If I Were Running A Company…Entrepreneurial vs. Entrepreneur

In a lot of job descriptions, companies are asking for the “entrepreneurial spirit.” It sounds great in the job description; looking for someone who is willing to learn, have tons of ideas, and isn’t afraid to execute their plans. If your entrepreneurial, then you should be fine. If you’re an entrepreneur, that’s a different story.

When you’re an entrepreneur, you are perceived as independent, an outsider, and a risk-taker; “bad traits” if you re-enter the corporate offices. That’s the irony of companies want from entrepreneurial people: they want the same traits of an entrepreneur, but the company wants to mold those people themselves.

On that note, why don’t companies promote the intrapreneurial spirit instead of entrepreneurial spirit since they are looking for people who understand their corporate culture? My assumption is entrepreneurial sounds open and welcoming, while intrapreneurial sounds like you need the secret password to enter.

Companies are sending mixed messages on who they’re looking for when they put the word, “entrepreneurial.” How to deal with this dilemma? Frankly, it’s a mentality that companies need to escape and that is a person will stay for a long time because of the brand and culture. In reality, people will go where other people go. There are a few brands people will go to and the culture backs it up, but that’s a few among the millions of companies out there.

Another reason companies need to let go of their controlling traits is everything is now temporary, including your employees and executives. The culture isn’t created by company branding; it is created by the employees. I have said this many times: we are living in a free agent culture where anyone is available. You can talk about retention, stats, training all you want. There are two variables that will alter that thinking: people and time. People can be controlled, if done properly; but they will make their own decisions that best helps them professionally and/or personally. Companies can deal with people, but eventually, everything has a deadline. Companies won’t admit “father time” is always undefeated.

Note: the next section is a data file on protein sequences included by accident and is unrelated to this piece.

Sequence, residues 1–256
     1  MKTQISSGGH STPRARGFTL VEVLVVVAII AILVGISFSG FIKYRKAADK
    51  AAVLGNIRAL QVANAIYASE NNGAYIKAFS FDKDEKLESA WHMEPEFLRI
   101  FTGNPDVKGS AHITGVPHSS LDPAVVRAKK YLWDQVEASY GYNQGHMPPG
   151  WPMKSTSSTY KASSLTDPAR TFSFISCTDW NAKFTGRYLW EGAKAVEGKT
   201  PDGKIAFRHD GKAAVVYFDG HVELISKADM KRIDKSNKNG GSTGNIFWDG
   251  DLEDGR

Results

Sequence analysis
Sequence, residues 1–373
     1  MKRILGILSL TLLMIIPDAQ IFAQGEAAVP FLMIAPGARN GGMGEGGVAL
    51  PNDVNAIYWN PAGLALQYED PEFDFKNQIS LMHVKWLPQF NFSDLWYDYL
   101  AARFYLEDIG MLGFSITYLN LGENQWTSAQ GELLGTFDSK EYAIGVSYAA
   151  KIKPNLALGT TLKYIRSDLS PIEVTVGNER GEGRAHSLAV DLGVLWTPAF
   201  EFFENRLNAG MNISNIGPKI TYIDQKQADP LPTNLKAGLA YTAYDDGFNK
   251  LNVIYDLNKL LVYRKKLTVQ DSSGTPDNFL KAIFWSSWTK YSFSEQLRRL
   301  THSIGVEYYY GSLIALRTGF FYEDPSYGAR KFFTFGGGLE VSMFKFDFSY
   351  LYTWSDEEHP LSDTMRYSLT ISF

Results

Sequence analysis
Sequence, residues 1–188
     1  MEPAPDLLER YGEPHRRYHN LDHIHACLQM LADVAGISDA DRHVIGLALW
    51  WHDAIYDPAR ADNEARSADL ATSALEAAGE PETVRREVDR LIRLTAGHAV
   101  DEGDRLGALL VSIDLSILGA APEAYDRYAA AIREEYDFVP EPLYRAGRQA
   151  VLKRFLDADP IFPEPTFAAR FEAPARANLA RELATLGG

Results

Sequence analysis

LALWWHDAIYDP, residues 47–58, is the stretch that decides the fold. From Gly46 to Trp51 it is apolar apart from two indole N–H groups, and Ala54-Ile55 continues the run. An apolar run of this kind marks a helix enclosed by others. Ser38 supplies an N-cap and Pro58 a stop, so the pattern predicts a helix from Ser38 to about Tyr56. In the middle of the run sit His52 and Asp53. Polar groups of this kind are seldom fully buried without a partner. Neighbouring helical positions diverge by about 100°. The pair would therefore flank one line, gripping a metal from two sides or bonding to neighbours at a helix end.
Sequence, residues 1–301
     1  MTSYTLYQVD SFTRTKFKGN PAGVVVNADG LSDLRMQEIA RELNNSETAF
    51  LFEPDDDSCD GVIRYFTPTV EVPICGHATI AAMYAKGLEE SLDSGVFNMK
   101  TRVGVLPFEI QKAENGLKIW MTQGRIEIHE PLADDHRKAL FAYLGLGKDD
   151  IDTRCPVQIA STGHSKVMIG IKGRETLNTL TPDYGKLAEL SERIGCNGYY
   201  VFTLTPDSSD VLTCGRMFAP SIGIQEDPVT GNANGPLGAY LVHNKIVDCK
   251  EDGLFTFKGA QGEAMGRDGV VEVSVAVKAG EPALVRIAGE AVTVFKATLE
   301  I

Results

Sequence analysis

If companies really want the “entrepreneurial spirit,” then let your employees and contractors be themselves and experiment. People have different visions of your company. Everyone associated with the company are aiming at the same goal. Companies have to realize almost anyone working is entrepreneurial are finding ways, including low-level jobs like janitors, to make the company better. Calling someone an “entrepreneur” is the workplace version of being called a “whore” instead of being called “business partner.” That shouldn’t be the case.

Companies can say they have “entrepreneurial spirit,” but do they practice what they say?  I’m having a hard time believing that.

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  • One of America’s greatest strengths has always been its entrepreneurial culture and the willingness of its citizens to take risks on new ideas and new businesses. That culture isn’t gone, but this data sure does suggest that it is at least in trouble. Hopefully this is only a side-effect of the recession and not the sign of anything permanent. If it lingers on as a trend, however, we’ll have to do some serious thinking about what we can do to reverse it.

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